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NSN seed logoIf data is available, this is where you find Ecoregion Descriptions, Plant Communities of that ecoregion, and Species Lists/Recommendations for both.  If you know the community types at your project site, use community recommendations as the species will be more appropriate and more specifically geared to your site.  
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Southern and Central California Chaparral and Oak Woodlands Ecoregion

The primary distinguishing characteristic of this ecoregion is its Mediterranean climate of hot dry summers and cool moist winters, and associated vegetative cover comprising mainly chaparral and oak woodlands; grasslands occur in some lower elevations and patches of pine are found at higher elevations. Most of the region consists of open low mountains or foothills, but there are areas of irregular plains in the south and near the border of the adjacent Central California Valley ecoregion. Much of this region is grazed by domestic livestock; very little land has been cultivated.

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Southern and Central California Chaparral and Oak Woodlands Plant Communities

Chaparral

Dry slopes and ridges below the Yellow Pine Forest. Diverse hard-leaved, often evergreen, shrubs typically growing together to create impenetrable coverage. Fire-prone, with many shrubs sprouting from the stumps.
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Coastal Sage Scrub

Dry rocky and gravelly slopes of the Southern California coast, mostly below chaparral and 3000 feet. Community is somewhat more open than chaparral.
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Coastal Salt Marsh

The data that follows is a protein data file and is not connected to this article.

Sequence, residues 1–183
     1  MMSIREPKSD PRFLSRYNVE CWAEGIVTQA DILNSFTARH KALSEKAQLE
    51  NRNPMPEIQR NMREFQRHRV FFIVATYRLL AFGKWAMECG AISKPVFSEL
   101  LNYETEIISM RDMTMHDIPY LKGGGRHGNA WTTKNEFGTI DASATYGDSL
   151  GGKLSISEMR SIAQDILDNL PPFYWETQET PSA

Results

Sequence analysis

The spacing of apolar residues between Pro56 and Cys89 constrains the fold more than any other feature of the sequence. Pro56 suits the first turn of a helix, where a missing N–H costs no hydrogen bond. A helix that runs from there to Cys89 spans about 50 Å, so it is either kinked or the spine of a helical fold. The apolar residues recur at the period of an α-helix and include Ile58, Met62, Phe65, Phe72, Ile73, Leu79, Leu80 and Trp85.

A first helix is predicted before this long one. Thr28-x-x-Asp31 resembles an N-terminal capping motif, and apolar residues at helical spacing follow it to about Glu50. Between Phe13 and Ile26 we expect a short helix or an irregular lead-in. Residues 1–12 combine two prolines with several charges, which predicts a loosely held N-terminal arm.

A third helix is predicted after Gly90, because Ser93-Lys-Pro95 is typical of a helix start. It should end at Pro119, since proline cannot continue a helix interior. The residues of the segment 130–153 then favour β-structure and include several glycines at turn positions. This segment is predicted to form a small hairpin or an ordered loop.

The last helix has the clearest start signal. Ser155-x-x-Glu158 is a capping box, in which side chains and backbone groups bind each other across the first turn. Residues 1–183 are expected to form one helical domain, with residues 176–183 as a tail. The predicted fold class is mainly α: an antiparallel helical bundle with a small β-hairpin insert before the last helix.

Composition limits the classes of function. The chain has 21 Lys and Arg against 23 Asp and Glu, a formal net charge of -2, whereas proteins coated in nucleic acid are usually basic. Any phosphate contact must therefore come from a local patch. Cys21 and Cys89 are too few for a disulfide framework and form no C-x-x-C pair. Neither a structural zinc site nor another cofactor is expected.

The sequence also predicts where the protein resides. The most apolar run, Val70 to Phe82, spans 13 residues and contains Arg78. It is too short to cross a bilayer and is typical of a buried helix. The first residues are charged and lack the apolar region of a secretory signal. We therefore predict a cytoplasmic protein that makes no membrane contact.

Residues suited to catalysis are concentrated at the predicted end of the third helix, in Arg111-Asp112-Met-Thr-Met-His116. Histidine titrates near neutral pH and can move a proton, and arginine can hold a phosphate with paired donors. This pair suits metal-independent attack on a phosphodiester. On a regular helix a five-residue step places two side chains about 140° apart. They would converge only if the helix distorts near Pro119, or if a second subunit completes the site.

Salt marshes along the coast, especially tidelands, from sea level to 10 feet. Characterized by Salicornia and Distichlis. Growing season is 12 months, with little seasonal and diurnal fluctuations in temperature.
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Coastal Strand

Sandy beaches and dunes with low or prostrate vegetation, often succulent and late-flowering.
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Foothill Woodland

Foothills and valley borders, 400 to 3000 feet. Trees 15 to 70 feet tall, in dense or open woodland, with scattered brush and grassland between the trees, which include Pinus sabiniana, several species of oak, California bay laurel, and California buckeye.
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Freshwater Marsh

Marshes of interior valleys, river-bottom lagoons, and along the coast behind salty or brackish areas, from sea level to about 500 feet.
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Southern Oak Woodland

Valleys of interior southern California from Los Angeles County to Mexico, ascending to about 5000 feet. Trees 20 to 60 feet tall, with grassland or few soft shrubs between them.
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Valley Grassland

Originally with various bunchgrasses such as Nasella pulchra, now largely dominated by invasive exotic annual species. Open treeless grassland, with vernal pools scattered locally.
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